• In order to qualify for the Blue Flag, a series of stringent environmental, educational, safety, and accessibility criteria must be met and maintained.
  • The Blue Flag Programme for beaches and marinas is run by the international, non-governmental, non-profit organisation FEE (the Foundation for Environmental Education).


  • To plan sustainable tourism and healthy coastal management, MoEF&CC has conceived an integrated coastal management scheme viz. BEAMS (also referred to as Beach Management Services)
  • It is launched to reduce existing pollutants on beaches and to aspire & achieve such high International Standards in India.
  • The objectives of BEAMS program is to:

Environmental Management including cleanliness, solid waste management in beaches.

Environment Education.

Safety & Security of Beachgoers.

Bathing Water Quality Standards.

Promote sustainable development of beach facilities,

Protect & conserve coastal ecosystems & natural resources,

At 15, RTI Act crippled by huge backlog


Mains: General Studies- II: Governance, Constitution, Polity, Social Justice and International relations.

Why in news?
Fifteen years after the Right to Information (RTI) Act came into force, more than 2.2 lakh cases are pending at the Central and State Information Commissions, which are the final courts of appeal under the transparency law.

Key details

  • The increasing backlog is exacerbated by the fact that most commissions are functioning at a reduced capacity, including the Central Information Commission (CIC), which has been headless since August.
  • A report card brought out by the Satark Nagrik Sangathan and the Centre for Equity Studies to mark the anniversary found that Maharashtra had the highest number of pending appeals, with over 59,000 cases, followed by Uttar Pradesh (47,923) and the CIC (35,653).
  • Analysing data from 16 commissions in 2019-20, the report found that penalties were imposed in only 2.2% of cases that were disposed of, despite previous analysis showing a rate of about 59% violations which should have triggered the process of penalty imposition.

Need to scrutinise functioning

  • Non-imposition of penalties in deserving cases by commissions sends a signal to public authorities that violating the law will not invite any serious consequences.
  • The need to scrutinise the functioning of information commissions now is perhaps greater than ever before, given the unprecedented crisis gripping the nation due to the COVID-19 pandemic.
  • If the poor and marginalised affected by the public health emergency are to have any hope of obtaining the benefits of government schemes, they must have access to relevant information.
  • At a time when incentives for secrecy are great, and the scope for discretionary actions wide, the role of information commissions is crucial to ensure that people can obtain information on healthcare facilities, social security programs and delivery of essential goods and services meant for those in distress.

Right to information and obligations of public authorities

The Right to Information Act of 2005

The act is one of the most important acts which empowers ordinary citizens to question the government and its working. This has been widely used by citizens and media to uncover corruption, progress in government work, expenses related information, etc.

Subject to the provisions of this Act, all citizens shall have the right to information.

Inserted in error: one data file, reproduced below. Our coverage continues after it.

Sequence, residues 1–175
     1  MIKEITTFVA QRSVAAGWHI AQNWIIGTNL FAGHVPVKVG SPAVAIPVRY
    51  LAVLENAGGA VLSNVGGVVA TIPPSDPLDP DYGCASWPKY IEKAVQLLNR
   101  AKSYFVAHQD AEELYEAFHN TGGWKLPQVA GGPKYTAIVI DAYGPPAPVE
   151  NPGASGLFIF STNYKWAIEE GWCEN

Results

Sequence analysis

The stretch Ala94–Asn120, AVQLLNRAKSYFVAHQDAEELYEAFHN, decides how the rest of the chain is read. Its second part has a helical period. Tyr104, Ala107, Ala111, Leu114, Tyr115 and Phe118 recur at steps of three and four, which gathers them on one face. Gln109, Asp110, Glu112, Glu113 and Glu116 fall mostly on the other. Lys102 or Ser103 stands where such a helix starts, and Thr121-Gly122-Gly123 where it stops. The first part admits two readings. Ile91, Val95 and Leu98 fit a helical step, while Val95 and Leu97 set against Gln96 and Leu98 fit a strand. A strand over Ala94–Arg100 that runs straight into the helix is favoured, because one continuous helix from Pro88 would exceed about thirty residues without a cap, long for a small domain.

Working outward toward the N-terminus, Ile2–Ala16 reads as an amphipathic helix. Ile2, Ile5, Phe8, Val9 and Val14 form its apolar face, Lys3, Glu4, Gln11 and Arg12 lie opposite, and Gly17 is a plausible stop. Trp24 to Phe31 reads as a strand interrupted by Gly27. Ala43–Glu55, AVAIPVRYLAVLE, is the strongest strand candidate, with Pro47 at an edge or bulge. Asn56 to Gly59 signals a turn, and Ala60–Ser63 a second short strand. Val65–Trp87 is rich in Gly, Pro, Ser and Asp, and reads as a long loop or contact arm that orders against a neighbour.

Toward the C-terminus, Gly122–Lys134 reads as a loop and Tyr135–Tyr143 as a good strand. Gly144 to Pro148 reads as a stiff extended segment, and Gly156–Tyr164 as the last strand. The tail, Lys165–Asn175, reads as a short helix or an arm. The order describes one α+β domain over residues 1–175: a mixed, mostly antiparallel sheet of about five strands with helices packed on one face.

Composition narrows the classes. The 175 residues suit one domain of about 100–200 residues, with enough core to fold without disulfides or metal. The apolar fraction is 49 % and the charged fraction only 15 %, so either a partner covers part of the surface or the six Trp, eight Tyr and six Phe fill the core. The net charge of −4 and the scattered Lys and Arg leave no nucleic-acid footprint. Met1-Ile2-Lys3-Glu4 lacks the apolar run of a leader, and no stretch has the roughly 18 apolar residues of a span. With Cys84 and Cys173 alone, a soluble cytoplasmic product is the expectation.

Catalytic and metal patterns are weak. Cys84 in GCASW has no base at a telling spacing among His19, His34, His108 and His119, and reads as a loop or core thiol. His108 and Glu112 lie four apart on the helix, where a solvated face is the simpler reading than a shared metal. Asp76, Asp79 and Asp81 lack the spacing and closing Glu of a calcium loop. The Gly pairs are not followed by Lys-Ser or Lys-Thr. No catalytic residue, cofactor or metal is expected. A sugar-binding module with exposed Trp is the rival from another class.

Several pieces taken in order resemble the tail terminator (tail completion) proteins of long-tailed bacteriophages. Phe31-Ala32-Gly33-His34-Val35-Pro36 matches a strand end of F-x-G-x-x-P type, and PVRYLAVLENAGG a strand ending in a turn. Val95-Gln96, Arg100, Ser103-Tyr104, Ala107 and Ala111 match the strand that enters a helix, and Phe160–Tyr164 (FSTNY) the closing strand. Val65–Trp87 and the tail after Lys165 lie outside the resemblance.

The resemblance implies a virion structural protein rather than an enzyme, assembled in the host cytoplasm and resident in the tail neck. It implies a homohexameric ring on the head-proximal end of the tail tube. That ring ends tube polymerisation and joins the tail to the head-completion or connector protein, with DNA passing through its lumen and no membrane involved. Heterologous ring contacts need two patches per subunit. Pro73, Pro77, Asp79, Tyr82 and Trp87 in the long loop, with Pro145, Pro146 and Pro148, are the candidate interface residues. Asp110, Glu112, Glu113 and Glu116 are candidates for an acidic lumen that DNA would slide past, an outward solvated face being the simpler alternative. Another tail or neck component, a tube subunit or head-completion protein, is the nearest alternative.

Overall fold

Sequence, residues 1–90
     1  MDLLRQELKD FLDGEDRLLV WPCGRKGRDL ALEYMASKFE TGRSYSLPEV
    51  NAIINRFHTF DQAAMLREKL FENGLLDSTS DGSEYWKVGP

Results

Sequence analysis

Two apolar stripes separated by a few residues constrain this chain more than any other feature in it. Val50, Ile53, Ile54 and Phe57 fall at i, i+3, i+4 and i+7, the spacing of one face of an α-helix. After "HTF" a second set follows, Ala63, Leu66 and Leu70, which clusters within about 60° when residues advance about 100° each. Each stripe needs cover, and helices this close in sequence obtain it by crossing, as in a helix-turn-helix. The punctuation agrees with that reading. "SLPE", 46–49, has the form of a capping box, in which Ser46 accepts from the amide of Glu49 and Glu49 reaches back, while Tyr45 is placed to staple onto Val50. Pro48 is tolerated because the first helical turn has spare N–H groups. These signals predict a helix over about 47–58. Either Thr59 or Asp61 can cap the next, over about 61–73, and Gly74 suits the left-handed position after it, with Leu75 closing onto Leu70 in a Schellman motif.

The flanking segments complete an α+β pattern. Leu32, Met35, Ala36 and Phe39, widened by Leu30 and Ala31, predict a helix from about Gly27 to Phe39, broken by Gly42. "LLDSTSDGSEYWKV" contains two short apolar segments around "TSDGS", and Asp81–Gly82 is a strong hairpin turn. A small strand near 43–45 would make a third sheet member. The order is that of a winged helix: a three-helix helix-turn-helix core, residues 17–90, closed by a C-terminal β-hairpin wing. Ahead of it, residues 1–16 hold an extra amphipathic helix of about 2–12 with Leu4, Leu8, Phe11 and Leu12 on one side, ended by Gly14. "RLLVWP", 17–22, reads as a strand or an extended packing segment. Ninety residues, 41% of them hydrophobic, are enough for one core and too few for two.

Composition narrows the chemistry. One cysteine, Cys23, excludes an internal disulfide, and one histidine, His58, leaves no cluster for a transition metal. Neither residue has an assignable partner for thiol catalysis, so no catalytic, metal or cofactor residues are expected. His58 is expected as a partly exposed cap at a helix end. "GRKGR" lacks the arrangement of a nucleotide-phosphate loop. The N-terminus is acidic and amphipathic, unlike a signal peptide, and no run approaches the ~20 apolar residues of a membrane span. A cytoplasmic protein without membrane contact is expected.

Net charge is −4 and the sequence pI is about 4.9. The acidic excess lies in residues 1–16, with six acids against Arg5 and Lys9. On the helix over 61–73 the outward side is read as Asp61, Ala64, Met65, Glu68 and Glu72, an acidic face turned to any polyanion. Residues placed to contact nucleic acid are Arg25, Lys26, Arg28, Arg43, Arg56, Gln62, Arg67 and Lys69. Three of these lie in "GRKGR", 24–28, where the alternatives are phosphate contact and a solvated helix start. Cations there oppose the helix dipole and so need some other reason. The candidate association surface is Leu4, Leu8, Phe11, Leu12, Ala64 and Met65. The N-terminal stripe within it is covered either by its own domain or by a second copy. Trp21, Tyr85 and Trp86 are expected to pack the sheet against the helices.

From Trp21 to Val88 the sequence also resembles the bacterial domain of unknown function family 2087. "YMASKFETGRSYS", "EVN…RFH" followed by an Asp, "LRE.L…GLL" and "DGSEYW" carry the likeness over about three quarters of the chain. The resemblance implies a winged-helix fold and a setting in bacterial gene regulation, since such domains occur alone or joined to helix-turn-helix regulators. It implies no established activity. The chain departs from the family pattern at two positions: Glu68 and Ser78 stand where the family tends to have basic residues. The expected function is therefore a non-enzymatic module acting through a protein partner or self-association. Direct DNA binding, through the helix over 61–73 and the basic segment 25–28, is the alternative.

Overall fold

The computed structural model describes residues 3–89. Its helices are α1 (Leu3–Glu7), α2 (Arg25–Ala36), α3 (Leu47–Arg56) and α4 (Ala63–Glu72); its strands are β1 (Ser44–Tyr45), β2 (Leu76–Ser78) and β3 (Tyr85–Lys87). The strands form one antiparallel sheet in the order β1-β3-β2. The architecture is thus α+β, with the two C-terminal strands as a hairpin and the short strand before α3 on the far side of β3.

Every public authority shall—

  1. a) maintain all its records duly catalogued and indexed in a manner and the form which facilitates the right to information under this Act and ensure that all records that are appropriate to be computerised are, within a reasonable time and subject to availability of resources, computerised and connected through a network all over the country on different systems so that access to such records is facilitated;

(b) publish all relevant facts while formulating important policies or announcing the decisions which affect public;

(c) provide reasons for its administrative or quasi-judicial.

Challenges to RTI ACT

  • Huge level of pendency of cases both at national and state levels.
  • Non imposition of penalties – data supplied by 20 commissions shows that penalty was imposed in just 2.4% of the cases disposed of.
  • More than 40 RTI activists had been killed in the process of exposing wrongdoings.
  • Laxity by public authorities in publishing information.
  • The RTI act, did not give adequate authority to the Information Commssion to enfotce their decisions.

School closure may cost India dear


Mains: General Studies- II: Governance, Constitution, Polity, Social Justice and International relations.

Why in news?

According to World Bank The extended closure of schools amid the COVID-19 pandemic could dent India’s future earnings by anywhere between $420 billion and $600 billion, as depleted learning levels of students will translate into poorer productivity going forward.

Key details

Warning that as many as 5.5 million students could drop out of schools across South Asia, the dropouts, combined with substantial learning losses for those who remain enrolled in schools, would cost South Asia as much as $622 billion in future earnings and gross domestic product.

Far-reaching impact

  • South Asian governments spend only $400 billion a year on primary and secondary education, so the total loss in economic output would be substantially higher.
  • Education came to a standstill and efforts to teach children during school closures proved challenging. The estimated costs of the school closures in terms of learning and earning losses are substantial. They have kept 391 million students out of school in primary and secondary education, further complicating efforts to resolve the learning crisis.
  • It added that engaging children through remote learning programmes had been difficult, despite most governments’ best efforts to mitigate the impact of school closures.